Till the great promised day of restitution;
When loud-diffusive sound from brazen trump
Of strong-lung'd cherub shall alarm thy captives,
And rouse the long, long sleepers into life,
Day-light, and liberty.—
Then must thy gates fly open, and reveal
The mines that lay long forming under ground,
In their dark cells immured; but now full ripe,
And pure as silver from the crucible,
That twice has stood the torture of the fire
And inquisition of the forge. We know,
The illustrious Deliverer of mankind,
The Son of God, thee foil'd. Him in thy power
Thou couldst not hold: self-vigorous he rose,
And, shaking off thy fetters, soon retook
Those spoils his voluntary yielding lent:
(Sure pledge of our releasement from thy thrall!)
Twice twenty days he sojourn'd here on earth,
And show'd himself alive to chosen witnesses,
By proofs so strong, that the most slow-assenting
Had not a scruple left. This having done,
He mounted up to heaven. Methinks I see him
Climb the aërial heights, and glide along
Athwart the severing clouds: but the faint eye,
Flung backwards in the chase, soon drops its hold;
Disabled quite, and jaded with pursuing.
Heaven's portals wide expand to let him in;
Nor are his friends shut out: as some great prince
Not for himself alone procures admission,
But for his train. It was his royal will
That where he is, there should his followers be.
Death only lies between: a gloomy path,
Made yet more gloomy by our coward fears;
But not untrod, nor tedious: the fatigue
Will soon go off. Besides, there's no bye-road
To bliss. Then why, like ill-condition'd children,
Start we at transient hardships in the way
That leads to purer air, and softer skies,
And a ne'er-setting sun?—Fools that we are!
We wish to be where sweets unwithering bloom;
But straight our wish revoke, and will not go.
So have I seen, upon a summer's even,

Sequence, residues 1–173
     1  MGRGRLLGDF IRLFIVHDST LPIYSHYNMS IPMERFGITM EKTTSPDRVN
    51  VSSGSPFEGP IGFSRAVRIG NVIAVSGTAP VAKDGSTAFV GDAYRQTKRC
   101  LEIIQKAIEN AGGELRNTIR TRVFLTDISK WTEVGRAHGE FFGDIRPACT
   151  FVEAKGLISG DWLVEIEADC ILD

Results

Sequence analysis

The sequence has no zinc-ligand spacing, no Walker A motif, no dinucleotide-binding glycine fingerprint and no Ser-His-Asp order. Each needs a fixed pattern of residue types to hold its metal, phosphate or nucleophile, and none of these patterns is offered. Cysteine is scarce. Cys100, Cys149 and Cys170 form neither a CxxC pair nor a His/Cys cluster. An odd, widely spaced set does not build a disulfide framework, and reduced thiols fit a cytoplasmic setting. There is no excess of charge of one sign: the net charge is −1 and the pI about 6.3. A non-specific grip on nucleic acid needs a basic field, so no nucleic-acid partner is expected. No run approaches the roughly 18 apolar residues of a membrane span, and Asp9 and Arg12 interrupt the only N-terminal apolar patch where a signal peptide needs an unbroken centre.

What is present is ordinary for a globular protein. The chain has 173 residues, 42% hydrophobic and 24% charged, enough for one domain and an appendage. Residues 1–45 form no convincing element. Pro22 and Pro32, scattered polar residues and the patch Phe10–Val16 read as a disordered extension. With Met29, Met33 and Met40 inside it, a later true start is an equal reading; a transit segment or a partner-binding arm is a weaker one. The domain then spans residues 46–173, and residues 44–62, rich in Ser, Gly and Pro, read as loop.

Fast by the rivulet's brink a youngster play:
How wishfully he looks to stem the tide!
This moment resolute, next unresolved:
At last he dips his foot; but as he dips,
His fears redouble, and he runs away
From the inoffensive stream, unmindful now
Of all the flowers that paint the further bank,
And smiled so sweet of late.—Thrice welcome death!
That after many a painful bleeding step
Conducts us to our home, and lands us safe
On the long-wish'd-for shore.—Prodigious change!
Our bane turn'd to a blessing!—Death, disarm'd,
Loses his fellness quite.—All thanks to him
Who scourged the venom out!—Sure the last end
Of the good man is peace!—How calm his exit!
Night dews fall not more gently to the ground,
Nor weary, worn-out winds expire so soft.
Behold him in the evening-tide of life,
A life well spent, whose early care it was
His riper years should not upbraid his green:
By unperceived degrees he wears away;
Yet, like the sun, seems larger at his setting.
High in his faith and hopes, look how he reaches
After the prize in view! and, like a bird
That's hamper'd, struggles hard to get away:
Whilst the glad gates of sight are wide expanded
To let new glories in, the first fair fruits
Of the fast-coming harvest.—Then, oh then!
Each earth-born joy grows vile, or disappears,
Shrunk to a thing of nought.—Oh! how he longs
To have his passport sign'd, and be dismiss'd!
'Tis done! and now he's happy! The glad soul
Has not a wish uncrown'd.—Even the lag flesh
Rests, too, in hope of meeting once again
Its better half, never to sunder more.
Nor shall it hope in vain:—the time draws on,
When not a single spot of burial earth,
Whether on land, or in the spacious sea,
But must give back its long-committed dust
Inviolate!—and faithfully shall these
Make up the full account; not the least atom
Embezzled, or mislaid, of the whole tale.
Each soul shall have a body ready furnish'd;
And each shall have his own.—Hence, ye profane!
Ask not how this can be?—Sure the same power
That rear'd the piece at first, and took it down,
Can re-assemble the loose scatter'd parts,
And put them as they were.—Almighty God
Has done much more; nor is his arm impair'd
Through length of days: and what he can, he will:
His faithfulness stands bound to see it done.
When the dread trumpet sounds, the slumbering dust,
Not unattentive to the call, shall wake;
And every joint possess its proper place,
With a new elegance of form, unknown
To its first state. Nor shall the conscious soul
Mistake its partner, but, amidst the crowd,
Singling its other half, into its arms
Shall rush, with all the impatience of a man
That's new come home; and, having long been absent,
With haste runs over every different room,
In pain to see the whole. Thrice happy meeting!
Nor time, nor death, shall ever part them more.
Tis but a night, a long and moonless night;
We make the grave our bed, and then are gone.
Thus, at the shut of even, the weary bird
Leaves the wide air, and in some lonely brake
Cowers down, and dozes till the dawn of day,
Then claps his well-fledged wings, and bears away.